Championed by our friends at Community Futures Saskatchewan
Covid's nudged many of us closer to the cliff’s edge. Tragically, The Canadian Federation of Independent Business (CFIB) suggests one in six, or about 181,000, Canadian Founders are now seriously contemplating shutting down—this comes on top of the 58,000 businesses that became inactive in 2020.
But listen up, it's not all doom and gloom. Yes, Founders are in a tight spot but even before the pandemic hit, 71% of us we’re closing our doors due to poor cash management, as researched by Industry Canada: Failing Concerns: Business Bankruptcies in Canada.
It's human nature to avoid the uncomfortable work. That is, until we're forced to confront it! So, here's your opportunity. Roll up your sleeves, get to work, and choose to look at Covid as your catalyst, not your kryptonite.
Let’s start by getting smart about our cashflow—how it's earned, received, spent and saved. In this episode of The Gab Lab, NTN Pro, Kirsha Campbell (aka The Cash Flow Maven) is sharing some quintessential cash flow management tips. She takes us through the bottom-line challenges of the roller-coaster cashflow ride and how we can counter the effects without taking on leverage.
Part 1 // Cashflow Fundamentals — Laying the Groundwork
Let’s nail the basics. “Cash flow is the lifeblood of your business,” explains Kirsha.
Cash flows are different from your income statement and balance sheet. A cash flow statement will tell you from where you received the cash, when you received it and where and when you spent it. Perhaps, more importantly, cash flow reports provide you with an accurate account of what funds you truly have access to.
Don't assume your bank account balance is telling the whole story.
Here's a rule of thumb: Any accounting entry that does not show up in your cash or bank account, will NOT affect your cash flow.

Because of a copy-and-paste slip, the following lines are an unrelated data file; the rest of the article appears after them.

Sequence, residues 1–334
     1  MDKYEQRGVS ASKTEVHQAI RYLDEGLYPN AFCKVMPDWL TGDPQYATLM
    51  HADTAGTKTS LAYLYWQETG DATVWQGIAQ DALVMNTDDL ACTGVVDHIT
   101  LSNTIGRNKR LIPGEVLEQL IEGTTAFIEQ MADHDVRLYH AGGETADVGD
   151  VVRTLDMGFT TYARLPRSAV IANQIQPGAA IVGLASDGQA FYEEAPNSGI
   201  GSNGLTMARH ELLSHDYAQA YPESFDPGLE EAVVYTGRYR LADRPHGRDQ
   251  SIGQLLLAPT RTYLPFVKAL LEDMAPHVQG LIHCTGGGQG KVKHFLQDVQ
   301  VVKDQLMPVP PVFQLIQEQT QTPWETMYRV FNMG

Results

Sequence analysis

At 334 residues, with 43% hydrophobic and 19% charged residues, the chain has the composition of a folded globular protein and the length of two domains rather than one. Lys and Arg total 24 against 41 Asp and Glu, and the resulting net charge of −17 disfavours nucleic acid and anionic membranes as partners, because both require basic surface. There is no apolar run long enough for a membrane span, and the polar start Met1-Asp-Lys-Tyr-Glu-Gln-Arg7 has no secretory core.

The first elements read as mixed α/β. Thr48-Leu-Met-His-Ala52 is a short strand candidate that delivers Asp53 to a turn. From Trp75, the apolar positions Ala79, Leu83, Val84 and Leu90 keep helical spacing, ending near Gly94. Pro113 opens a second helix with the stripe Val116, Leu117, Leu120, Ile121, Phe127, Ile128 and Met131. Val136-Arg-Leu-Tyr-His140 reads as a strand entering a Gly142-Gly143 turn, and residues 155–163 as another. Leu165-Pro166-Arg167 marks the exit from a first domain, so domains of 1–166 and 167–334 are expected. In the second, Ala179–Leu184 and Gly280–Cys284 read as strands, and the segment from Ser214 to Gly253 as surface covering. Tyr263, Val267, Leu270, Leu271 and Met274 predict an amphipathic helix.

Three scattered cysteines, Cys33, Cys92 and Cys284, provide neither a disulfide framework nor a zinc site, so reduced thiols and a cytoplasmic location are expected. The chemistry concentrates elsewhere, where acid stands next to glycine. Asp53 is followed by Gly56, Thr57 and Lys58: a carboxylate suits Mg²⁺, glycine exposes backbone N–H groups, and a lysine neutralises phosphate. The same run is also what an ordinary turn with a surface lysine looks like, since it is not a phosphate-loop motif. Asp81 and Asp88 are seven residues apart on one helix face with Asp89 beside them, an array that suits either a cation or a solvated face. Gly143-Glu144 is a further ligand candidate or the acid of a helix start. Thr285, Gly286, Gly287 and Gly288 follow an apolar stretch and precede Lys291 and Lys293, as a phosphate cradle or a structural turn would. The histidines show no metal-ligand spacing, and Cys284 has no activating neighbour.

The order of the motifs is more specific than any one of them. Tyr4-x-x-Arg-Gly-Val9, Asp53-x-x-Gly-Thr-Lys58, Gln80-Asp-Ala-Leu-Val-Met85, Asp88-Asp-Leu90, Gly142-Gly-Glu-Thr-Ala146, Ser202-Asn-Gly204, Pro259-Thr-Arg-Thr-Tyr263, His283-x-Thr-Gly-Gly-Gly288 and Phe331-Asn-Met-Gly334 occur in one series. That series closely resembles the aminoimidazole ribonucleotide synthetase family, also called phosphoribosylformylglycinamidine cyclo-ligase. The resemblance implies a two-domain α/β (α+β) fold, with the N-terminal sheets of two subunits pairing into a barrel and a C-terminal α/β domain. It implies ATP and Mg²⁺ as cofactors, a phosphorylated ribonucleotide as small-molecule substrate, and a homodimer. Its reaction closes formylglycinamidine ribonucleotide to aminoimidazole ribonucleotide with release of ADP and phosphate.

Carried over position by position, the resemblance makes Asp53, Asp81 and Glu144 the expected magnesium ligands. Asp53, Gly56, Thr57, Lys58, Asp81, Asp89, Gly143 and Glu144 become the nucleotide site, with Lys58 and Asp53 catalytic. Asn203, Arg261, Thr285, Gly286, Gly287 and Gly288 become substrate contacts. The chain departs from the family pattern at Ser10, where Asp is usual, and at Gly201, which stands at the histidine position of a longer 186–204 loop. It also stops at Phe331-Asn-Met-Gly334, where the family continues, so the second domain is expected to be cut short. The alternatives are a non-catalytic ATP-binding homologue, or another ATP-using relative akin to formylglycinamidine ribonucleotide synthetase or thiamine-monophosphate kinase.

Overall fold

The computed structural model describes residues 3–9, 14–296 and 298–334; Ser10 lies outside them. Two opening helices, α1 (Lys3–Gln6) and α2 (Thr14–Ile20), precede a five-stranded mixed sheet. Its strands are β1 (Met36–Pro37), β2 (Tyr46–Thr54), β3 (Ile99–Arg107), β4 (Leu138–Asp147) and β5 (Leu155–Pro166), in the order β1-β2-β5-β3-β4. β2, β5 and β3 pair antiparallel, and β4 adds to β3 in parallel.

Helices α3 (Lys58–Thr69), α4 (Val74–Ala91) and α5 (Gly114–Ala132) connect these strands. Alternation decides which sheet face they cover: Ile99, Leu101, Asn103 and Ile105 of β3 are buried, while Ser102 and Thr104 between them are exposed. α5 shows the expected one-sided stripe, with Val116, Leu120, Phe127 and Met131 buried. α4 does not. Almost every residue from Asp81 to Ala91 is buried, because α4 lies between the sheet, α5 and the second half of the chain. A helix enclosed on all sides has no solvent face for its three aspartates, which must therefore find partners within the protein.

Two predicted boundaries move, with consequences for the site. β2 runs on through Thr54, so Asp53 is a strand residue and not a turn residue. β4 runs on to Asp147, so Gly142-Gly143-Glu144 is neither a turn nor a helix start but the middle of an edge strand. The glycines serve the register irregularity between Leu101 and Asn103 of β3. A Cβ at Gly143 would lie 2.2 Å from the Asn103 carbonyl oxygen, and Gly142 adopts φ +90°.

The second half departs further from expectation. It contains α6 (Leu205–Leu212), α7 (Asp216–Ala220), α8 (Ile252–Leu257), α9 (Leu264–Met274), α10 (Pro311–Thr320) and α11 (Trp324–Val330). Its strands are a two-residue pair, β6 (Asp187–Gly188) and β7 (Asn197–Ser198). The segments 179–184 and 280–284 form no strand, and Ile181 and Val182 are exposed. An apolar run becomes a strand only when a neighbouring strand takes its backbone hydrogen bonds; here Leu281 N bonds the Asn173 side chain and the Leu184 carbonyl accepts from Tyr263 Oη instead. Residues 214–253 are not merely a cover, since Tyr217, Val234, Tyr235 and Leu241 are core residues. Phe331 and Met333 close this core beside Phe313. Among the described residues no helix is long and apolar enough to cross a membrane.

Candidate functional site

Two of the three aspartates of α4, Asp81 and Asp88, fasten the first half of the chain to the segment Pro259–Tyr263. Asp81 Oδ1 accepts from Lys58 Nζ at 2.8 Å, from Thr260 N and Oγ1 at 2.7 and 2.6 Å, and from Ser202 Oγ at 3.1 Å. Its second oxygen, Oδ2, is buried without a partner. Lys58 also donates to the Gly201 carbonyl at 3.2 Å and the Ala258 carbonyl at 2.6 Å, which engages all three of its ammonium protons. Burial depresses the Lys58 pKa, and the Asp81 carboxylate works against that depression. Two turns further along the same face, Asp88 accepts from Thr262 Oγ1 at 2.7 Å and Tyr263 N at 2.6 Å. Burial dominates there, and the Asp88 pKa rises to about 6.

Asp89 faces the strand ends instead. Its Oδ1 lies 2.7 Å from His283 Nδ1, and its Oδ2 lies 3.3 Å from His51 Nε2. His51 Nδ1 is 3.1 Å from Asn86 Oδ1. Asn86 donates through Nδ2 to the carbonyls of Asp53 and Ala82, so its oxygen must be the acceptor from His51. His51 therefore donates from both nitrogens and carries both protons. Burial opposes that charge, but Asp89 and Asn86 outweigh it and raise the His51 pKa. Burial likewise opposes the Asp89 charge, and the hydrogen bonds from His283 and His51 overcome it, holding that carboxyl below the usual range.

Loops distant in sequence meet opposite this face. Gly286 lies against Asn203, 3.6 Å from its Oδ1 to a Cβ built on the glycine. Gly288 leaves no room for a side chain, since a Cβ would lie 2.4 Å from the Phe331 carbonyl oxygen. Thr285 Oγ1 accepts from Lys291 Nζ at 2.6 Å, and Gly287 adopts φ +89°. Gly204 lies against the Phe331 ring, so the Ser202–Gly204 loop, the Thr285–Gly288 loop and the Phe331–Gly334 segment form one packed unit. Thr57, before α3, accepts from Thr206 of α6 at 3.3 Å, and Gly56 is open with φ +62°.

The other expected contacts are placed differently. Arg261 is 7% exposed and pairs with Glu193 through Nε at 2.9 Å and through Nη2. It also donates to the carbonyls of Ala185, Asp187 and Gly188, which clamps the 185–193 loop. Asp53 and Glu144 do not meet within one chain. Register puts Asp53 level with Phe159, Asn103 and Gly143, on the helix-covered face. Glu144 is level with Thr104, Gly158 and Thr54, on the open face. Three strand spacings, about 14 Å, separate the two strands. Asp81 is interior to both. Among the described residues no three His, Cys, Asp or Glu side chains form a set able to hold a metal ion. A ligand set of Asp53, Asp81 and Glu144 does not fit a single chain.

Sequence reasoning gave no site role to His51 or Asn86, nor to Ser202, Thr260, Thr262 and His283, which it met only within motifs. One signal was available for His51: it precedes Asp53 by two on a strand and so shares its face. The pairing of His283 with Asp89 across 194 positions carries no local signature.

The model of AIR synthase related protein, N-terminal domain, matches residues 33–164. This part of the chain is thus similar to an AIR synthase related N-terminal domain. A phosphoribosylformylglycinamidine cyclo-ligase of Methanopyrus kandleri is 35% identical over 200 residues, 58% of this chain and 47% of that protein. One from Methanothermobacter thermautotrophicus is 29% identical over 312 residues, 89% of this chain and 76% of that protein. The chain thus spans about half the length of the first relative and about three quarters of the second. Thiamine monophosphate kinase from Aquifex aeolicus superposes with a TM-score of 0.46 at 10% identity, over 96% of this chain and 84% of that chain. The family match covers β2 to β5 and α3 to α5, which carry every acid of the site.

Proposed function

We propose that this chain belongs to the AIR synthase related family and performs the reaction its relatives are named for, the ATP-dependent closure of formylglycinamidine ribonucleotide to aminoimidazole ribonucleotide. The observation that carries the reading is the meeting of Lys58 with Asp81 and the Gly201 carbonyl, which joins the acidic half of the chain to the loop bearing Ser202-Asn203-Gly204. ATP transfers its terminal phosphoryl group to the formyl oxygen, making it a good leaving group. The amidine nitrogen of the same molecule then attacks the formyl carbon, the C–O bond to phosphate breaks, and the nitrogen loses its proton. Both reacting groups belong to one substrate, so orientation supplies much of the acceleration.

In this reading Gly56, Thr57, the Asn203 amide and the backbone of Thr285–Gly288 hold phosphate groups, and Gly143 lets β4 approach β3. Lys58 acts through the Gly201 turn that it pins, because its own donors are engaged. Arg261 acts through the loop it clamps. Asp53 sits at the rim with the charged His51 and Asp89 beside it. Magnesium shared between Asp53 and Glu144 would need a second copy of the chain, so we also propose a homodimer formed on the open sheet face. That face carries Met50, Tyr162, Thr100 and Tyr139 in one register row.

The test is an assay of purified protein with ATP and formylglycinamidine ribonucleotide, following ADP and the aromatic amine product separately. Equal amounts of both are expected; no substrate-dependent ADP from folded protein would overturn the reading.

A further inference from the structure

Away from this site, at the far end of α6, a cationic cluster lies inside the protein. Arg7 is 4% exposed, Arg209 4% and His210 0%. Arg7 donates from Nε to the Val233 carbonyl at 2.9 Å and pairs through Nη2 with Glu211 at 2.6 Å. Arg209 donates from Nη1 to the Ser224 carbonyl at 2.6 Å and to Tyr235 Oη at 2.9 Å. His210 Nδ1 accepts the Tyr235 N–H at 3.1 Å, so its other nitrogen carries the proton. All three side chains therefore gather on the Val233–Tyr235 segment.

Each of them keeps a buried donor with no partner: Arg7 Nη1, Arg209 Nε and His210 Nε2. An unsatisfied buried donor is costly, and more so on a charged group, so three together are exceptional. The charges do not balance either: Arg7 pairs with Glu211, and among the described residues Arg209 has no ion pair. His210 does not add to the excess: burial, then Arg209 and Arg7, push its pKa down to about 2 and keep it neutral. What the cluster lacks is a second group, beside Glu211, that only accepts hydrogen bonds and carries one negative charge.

A balance sheet is an entirely different phenomenon. It shows you the position of your business at any given point in time. If you’re unfamiliar with a balance sheet, think of it like this; sum up your assets and take out the liabilities, what you’re left with is your capital or “net worth”. An income statement is a measurement tool that sheds insight into your business’ profitability, revenue growth, and cost structure. Kirsha aptly points out that as business owners, it is important we understand that profit is not equal to cash flow.
Part 2 // Spotting the Red Flags
Declining revenues, COGs that are wildly inconsistent, and aged accounts receivable are just some of the warning signals Kirsha draws our attention to in Part 2.
She also addressing the elephant in the room—the constant need for capital infusion, bank overdrafts and lines of credit. Keep in mind, the emergency Covid relief we may have accessed, specifically CEBA, CRB, RRRF and HASCAP are loans–they’re temporary band-aids, not long-term solutions.
Keep your eyes wide open and stay vigilant, because businesses never go bankrupt overnight. Kirsha points out, as the Founder you're likely doubling as the business’ CFO – so listen in as she shares with us what we should be watching for, and how often.
Part 3 // Decoding the Remedies
Now that we know the issues, let’s roll up our sleeves and fix them. Kirsha explains the importance of staying on top of our cash flows, with periodic assessments. To make light of the task, ensure you have an accounting chart at your disposal. Being unorganized can be lethal. An equally important element is your master budget which helps you identify the deviations as quarters pass.
Have your accounts receivable ballooned through Covid? Kirsha makes several important recommendations, including factoring the receivables to pump cash back into your business.
It’s not that difficult to wrap your head around. You go to a factor and pass on the right to collect your accounts receivable. In exchange, the factor pays you the worth of those receivables upfront, after deducting a certain percentage as a fee. And voila, you’ve liquidated your receivables.
But there's more you can do. Be sure to catch all Kirsha's suggestions in Part 3.
Remember, cash flow forecasts are essential to the financial health and future of your business... so pull up our Cashflow Forecast Template and get to work.